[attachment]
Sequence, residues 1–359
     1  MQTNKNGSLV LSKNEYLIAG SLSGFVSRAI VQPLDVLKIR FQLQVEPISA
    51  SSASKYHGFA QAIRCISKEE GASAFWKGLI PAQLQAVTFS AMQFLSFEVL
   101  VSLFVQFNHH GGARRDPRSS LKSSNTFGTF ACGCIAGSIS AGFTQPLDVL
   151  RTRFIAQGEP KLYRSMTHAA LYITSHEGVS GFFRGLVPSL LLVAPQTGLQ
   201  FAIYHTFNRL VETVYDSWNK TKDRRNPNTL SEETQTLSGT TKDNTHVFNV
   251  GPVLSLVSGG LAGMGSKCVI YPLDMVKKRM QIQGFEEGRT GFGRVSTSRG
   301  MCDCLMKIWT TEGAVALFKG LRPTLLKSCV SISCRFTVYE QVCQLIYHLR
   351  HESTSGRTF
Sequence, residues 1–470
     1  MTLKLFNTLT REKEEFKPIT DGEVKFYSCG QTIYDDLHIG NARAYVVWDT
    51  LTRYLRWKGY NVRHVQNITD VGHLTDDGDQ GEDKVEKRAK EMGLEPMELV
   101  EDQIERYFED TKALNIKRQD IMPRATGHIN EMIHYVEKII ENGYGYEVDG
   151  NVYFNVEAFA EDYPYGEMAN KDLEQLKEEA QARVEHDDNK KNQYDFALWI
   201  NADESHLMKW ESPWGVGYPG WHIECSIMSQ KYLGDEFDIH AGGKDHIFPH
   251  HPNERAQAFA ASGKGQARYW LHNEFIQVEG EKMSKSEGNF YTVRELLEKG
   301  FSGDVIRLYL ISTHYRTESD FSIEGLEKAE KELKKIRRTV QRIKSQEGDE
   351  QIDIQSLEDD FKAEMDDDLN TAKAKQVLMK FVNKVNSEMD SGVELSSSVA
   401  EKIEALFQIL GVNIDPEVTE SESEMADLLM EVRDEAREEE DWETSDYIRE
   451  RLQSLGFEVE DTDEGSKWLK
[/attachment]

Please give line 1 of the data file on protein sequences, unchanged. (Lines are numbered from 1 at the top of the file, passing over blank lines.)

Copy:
Sequence, residues 1–359